Results for Percussa

Below are the posts that should have something to do with 'Percussa'.

Note: Use the search form in the top right if you're looking for something specific.

  

Short links for August 18th, 2010

Some interesting things I found recently:

# Shamantis – J. BIEBZ – U SMILE 800% SLOWER

I’m pretty sure you’ve already heard (about) this, but I just wanted to stress the fact that it’s the excellent Paul Stretch that makes stuff sound cool.

# Dan303: Percussion/Bass Pack

Dan303 returns with another free pack of samples.

Here's a little sample pack I put together using my Microkorg and FB383 synthesizers.
This Pack contains 4 Bass Patches [NNXT] and 22 synth Percussion hits

# SoundPrism – Colorful, Playable iPad App – and Organizing Tones and Harmony Visually

Peter Kirn talks with Sebastian Dittmann, CEO of developer Audanika, developer of SoundPrism, the app they describe as something they are not entirely sure of what it is. From audanika.com: "We think it might be a musical instrument but we're learning new stuff playing with it every day… which sometimes goes beyond the scale of that."

Peter Kirn writes:

Using an array of rectangles arranged in a harmonically useful way, and color coding for pitch, SoundPrism is a glimpse of a more graphical future for music software design. (Nor is this necessarily limited to the iPad in the long term – in addition to Windows 7, Ubuntu 10.10 is getting official multitouch support, which I think both validates Apple’s work and suggests we’ll see more platforms for this kind of interface.)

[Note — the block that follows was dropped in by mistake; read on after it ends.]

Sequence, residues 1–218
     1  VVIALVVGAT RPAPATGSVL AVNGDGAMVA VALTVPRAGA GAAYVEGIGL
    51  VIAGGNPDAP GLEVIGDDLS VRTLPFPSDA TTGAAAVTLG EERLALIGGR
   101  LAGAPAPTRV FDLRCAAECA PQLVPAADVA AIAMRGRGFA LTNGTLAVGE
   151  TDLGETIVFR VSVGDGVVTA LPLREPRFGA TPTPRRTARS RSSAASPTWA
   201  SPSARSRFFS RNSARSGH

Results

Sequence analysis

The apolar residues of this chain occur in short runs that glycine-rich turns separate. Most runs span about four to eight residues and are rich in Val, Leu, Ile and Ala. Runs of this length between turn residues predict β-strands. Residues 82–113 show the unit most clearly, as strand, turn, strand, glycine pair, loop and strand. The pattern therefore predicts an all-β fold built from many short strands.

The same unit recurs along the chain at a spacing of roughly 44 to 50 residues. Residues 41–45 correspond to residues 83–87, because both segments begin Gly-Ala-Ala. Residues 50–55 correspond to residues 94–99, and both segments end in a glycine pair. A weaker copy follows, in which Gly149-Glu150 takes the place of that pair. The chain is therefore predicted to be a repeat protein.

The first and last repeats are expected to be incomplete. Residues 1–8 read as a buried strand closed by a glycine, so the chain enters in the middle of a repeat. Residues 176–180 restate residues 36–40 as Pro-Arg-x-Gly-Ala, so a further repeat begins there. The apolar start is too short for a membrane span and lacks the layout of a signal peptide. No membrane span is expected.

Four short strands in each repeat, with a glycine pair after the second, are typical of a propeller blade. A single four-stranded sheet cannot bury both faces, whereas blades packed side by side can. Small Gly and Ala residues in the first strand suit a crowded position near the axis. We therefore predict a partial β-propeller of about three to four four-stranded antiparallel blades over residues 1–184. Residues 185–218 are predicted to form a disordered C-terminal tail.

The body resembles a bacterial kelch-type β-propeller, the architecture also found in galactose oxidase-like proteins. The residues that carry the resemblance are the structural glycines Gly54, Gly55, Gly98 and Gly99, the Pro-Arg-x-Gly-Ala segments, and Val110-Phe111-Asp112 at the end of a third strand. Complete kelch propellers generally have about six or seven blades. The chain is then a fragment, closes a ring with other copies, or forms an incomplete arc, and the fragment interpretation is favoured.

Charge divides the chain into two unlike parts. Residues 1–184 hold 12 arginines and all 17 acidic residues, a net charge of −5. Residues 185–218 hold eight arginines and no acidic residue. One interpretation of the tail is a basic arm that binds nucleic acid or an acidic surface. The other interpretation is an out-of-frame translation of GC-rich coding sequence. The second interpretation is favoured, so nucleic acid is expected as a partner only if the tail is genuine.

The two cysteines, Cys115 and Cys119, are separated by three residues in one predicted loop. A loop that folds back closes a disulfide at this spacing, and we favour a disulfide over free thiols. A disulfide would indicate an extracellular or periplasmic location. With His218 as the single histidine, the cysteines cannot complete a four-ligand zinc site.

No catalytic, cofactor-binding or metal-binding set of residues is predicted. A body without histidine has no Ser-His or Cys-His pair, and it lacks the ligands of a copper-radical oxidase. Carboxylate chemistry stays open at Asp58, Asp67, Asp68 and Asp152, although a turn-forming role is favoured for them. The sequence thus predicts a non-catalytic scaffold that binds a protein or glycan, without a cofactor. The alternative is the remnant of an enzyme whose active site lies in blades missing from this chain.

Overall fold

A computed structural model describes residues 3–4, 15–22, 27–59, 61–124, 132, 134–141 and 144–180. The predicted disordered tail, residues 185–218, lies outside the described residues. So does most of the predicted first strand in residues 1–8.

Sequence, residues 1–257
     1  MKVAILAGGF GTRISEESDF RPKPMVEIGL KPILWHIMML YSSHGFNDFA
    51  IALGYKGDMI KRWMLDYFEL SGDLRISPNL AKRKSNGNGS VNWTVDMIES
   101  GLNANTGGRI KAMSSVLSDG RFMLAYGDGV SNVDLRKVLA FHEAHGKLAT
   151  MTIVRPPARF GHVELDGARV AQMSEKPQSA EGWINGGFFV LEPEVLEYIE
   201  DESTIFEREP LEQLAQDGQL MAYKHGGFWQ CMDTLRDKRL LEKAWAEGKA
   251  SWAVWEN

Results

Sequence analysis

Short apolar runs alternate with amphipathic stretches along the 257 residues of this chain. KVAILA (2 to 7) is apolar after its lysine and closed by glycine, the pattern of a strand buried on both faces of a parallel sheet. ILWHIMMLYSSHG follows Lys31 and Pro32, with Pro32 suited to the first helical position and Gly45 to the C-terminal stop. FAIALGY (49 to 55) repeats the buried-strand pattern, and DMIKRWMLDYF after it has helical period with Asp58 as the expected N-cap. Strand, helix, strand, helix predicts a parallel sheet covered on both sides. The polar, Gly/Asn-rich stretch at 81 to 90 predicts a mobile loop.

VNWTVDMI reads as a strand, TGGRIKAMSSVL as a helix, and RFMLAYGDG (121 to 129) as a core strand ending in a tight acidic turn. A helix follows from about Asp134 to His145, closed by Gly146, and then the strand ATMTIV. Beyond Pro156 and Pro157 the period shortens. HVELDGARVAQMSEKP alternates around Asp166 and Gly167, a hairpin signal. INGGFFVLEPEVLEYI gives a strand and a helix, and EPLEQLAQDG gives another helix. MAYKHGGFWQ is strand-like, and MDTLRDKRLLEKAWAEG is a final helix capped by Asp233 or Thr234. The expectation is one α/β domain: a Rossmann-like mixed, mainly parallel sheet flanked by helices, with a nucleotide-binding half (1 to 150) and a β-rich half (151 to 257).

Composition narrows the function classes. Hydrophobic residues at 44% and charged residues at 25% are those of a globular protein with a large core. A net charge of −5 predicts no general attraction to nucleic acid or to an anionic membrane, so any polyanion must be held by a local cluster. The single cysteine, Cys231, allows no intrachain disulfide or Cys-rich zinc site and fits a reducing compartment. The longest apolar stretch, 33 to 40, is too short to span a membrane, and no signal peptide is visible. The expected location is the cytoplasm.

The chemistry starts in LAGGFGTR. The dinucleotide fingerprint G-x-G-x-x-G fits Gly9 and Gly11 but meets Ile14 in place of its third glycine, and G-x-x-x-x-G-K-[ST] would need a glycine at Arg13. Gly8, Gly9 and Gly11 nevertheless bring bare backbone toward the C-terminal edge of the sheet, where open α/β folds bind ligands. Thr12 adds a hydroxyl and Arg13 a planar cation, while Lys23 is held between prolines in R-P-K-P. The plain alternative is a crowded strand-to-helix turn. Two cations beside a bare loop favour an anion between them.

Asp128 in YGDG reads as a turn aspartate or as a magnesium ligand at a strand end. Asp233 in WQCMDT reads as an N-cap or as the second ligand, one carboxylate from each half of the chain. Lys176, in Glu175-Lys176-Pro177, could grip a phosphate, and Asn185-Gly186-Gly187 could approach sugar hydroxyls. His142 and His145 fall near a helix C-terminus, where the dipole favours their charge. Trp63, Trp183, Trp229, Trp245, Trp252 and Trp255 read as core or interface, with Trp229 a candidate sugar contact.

And, bonus, it all demonstrates why arranging pitch by the Circle of Thirds can be ideal. I got a chance to talk to the developers of SoundPrism about the thinking behind the software.

More info on SoundPrism: Audanika

# Ableton Live Quick Tip – Resampling and Sample-Based Workflow

From Nick's Tutorials:

Resampling is an incredibly simple yet powerful technique in digital music production. The idea is straighforward: Record the output of one or multiple tracks into a new, editable audio file. It’s not much different than rendering your composition, except here you’re actually going to incorporate the new file into the current song.

# Celebrating Leon Theremin’s Birthday with Video, Notes, Links, and a Soundcloud Set

Mark at Modulate This! writes:

Leon Theremin (born Lev Sergeyevich Terme) was born on this day, August 15th, 1896. To help celebrate I’m going to do a bit of a stream of consciousness post and will offer some links on Leon and his wonderful instrument and some notes on my use of it.

Hang in there till the end of the post as I’ve created a Soundcloud set called “Theremin Action” which is a collection of all the songs from REBOOT and I Hear Your Signals that use that Theremin sound or Theremin as a Controller.

Mark Mosher using the Theremin as a spatial controller to control virtual digital synthesizers running out of Ableton Live in combination with Percussa AudioCubes
Mark controls virtual synths in Ableton Live using the Theremin and Percussa AudioCubes

Short links for February 22nd, 2010

Some interesting things I found recently:

# The Stretta Procedure: Free 2GB modular synth sample library

Matthew Davidson writes:

If you woke up this morning thinking, "Gee, I wish I could download two gigabytes of 120 BPM modular synth loops", I have some good news for you.

I've been using the TipTop Audio Z8000 for a while now, collecting material for a video, but I also kept a DAW file handy and recorded bursts of interesting output at various intervals. This process generated a lot of materal, but it is clear to me it would be more useful in someone else's hands.

Beatseqr

# Beatseqr

Beatseqr is an arduino mega based computer interface by Steve Cooley.

It is aimed at electronic musicians and visualists. By itself, it connects to a desktop app that runs on mac or windows and can send out OSC messages to arbitrary network ports. However, combine beatseqr with a tightly integrated sequencer like Dajis Systems' Steppa (included in the price) and you have a powerful interface to create a MIDI loop which you can use to control sounds from pretty much any music software that accepts incoming midi data.